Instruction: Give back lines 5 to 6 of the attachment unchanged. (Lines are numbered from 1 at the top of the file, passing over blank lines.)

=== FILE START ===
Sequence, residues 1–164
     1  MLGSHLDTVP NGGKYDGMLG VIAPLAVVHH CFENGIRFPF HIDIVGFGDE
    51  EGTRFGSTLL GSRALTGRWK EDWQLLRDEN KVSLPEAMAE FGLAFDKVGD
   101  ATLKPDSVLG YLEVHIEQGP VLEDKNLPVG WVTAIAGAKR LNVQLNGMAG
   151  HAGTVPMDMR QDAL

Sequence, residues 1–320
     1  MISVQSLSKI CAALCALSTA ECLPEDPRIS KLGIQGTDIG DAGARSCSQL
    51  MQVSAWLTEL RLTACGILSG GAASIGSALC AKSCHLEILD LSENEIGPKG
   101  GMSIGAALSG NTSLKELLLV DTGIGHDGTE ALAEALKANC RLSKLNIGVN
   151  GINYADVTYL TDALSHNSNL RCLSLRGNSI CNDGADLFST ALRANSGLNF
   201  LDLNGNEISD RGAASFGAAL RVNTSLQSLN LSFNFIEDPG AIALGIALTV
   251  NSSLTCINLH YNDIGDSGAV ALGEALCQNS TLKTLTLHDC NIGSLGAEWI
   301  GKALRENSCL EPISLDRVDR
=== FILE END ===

   151  HAGTVPMDMR QDAL

Sequence, residues 1–320